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HPA calls for universal HIV testing

Clinical The Health Protection Agency has called for universal HIV testing to encourage early diagnosis of the disease.

The Health Protection Agency (HPA) has called for universal HIV testing to encourage early diagnosis of the disease.

GPs should offer HIV tests to all new registrants in areas of high prevalence, the HPA recommended. It also called for STI clinics to automatically test for HIV.

The comments came after the agency's figures revealed infection rates had "almost doubled" in the UK over the past decade, with 91,500 people in the country suffering from HIV in 2010.

But using GP surgeries as a base for HIV testing could cause problems, said pharmacist Jignesh Patel, who conducts HIV tests in his pharmacy.

"I think in real terms a lot of people might decline because of issues around confidentiality – they might feel that it will go on their patient record," he explained.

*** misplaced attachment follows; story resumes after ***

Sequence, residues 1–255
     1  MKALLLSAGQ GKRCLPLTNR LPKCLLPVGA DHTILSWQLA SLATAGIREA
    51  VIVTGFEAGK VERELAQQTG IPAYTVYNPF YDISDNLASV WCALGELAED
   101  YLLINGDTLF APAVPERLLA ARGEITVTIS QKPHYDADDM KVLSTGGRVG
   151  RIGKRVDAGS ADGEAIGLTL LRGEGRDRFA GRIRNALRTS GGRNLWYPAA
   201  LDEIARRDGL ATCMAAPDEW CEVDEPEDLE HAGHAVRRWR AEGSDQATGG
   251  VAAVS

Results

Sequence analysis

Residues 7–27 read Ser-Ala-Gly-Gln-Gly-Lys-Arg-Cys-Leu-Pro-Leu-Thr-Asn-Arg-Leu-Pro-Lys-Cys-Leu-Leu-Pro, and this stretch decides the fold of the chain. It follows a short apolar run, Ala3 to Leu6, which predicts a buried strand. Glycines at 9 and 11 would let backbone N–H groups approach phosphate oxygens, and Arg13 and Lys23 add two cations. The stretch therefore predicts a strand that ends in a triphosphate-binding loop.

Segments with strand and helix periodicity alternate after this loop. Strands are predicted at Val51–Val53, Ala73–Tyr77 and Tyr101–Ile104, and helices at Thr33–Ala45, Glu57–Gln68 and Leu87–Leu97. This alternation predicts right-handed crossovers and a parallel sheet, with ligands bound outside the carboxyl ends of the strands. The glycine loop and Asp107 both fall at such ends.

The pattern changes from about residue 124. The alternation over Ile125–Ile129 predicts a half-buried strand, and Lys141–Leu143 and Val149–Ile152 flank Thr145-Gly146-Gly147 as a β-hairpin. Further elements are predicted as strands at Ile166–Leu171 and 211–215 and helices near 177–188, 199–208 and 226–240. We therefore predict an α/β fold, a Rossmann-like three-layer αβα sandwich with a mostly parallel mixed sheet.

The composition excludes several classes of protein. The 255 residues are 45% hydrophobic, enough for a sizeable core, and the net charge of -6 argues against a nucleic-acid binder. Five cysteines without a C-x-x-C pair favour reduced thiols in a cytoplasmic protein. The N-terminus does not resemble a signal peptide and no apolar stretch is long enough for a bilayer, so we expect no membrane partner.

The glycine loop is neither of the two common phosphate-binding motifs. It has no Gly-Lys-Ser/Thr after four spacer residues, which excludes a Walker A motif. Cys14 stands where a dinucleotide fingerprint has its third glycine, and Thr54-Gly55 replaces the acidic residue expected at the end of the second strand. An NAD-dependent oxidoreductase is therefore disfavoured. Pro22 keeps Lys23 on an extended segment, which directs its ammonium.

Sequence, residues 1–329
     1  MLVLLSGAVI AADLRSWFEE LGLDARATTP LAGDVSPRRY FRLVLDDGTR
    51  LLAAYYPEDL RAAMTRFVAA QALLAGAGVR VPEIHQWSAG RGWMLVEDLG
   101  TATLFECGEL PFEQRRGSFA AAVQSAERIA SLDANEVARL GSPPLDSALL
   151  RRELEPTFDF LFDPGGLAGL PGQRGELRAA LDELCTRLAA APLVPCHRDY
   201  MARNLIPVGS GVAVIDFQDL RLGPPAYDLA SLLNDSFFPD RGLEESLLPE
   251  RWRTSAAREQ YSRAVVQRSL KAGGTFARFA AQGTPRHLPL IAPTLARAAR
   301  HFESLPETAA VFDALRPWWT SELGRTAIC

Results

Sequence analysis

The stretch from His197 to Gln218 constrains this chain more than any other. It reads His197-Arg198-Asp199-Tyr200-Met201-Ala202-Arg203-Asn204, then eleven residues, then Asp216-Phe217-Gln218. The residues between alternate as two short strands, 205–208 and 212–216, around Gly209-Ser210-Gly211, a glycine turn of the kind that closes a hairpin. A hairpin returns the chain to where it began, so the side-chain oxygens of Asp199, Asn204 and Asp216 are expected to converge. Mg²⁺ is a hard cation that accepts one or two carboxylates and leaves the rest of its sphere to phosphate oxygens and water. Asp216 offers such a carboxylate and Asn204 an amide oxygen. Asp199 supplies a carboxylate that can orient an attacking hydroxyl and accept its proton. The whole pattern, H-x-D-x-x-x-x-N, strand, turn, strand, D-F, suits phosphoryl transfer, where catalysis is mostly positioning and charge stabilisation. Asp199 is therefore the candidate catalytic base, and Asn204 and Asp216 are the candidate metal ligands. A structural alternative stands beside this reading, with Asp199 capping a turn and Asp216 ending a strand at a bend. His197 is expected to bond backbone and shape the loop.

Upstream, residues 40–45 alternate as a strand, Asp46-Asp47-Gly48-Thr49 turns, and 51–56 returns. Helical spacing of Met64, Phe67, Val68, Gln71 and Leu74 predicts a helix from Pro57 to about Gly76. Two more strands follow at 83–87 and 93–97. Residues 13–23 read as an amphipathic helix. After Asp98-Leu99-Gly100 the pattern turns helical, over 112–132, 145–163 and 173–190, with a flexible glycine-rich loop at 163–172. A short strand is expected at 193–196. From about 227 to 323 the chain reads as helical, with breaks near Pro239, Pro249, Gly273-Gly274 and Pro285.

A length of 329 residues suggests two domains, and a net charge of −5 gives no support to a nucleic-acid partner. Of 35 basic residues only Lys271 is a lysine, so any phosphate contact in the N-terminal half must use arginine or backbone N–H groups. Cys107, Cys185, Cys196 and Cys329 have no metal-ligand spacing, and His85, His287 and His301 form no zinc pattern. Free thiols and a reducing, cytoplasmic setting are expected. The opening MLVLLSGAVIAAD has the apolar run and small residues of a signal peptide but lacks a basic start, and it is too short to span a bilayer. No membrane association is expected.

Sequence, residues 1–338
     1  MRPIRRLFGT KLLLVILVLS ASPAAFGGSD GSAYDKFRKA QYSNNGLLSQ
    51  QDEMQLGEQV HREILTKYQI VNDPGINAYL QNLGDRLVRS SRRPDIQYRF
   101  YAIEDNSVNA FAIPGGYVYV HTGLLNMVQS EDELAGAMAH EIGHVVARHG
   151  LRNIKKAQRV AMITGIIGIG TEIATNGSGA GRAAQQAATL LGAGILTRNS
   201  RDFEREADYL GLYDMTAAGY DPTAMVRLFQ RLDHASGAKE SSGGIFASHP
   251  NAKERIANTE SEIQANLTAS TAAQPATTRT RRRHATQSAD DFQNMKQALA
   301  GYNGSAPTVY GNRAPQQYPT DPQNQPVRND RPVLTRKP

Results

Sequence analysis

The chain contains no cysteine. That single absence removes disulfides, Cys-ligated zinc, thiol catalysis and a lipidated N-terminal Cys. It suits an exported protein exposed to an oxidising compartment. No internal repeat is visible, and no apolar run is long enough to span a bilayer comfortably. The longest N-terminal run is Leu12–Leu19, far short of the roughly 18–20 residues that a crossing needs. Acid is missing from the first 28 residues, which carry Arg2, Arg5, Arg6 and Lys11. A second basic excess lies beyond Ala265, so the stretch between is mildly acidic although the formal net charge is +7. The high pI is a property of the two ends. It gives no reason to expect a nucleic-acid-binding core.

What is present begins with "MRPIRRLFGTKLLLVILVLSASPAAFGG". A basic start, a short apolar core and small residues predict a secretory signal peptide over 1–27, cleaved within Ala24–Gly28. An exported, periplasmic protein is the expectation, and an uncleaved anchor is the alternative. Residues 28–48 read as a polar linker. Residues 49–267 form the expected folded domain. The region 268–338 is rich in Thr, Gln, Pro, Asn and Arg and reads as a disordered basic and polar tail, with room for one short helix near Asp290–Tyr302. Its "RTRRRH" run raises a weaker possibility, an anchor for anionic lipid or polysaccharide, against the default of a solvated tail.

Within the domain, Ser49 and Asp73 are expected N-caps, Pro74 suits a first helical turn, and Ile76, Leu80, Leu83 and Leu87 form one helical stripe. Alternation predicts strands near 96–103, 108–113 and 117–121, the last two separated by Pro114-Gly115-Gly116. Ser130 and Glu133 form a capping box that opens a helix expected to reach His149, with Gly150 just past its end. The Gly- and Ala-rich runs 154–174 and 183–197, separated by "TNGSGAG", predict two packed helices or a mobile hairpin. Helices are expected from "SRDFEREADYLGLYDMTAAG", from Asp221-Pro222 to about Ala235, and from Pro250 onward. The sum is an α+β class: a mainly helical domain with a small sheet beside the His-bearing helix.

Mr Patel added that testing in pharmacies could solve the issue.

 "Pharmacy-based testing gives anonymity to patients and also offers instant testing – they don't need to book an appointment and can be seen at any time," he told C+D.

In 2010, 6,600 people were newly diagnosed with HIV, with a record number of gay men testing positive for the disease. The HPA estimates one in 20 gay men in the UK are infected with HIV, rising to one in 11 in London.

The figures highlighted that healthcare providers must not become "complacent" about the disease, said the British HIV Association (BHIVA).

"The high rate of recent infection, particularly among younger men, underscores the urgent need for improved prevention and earlier testing," said BHIVA chairman Jane Anderson.

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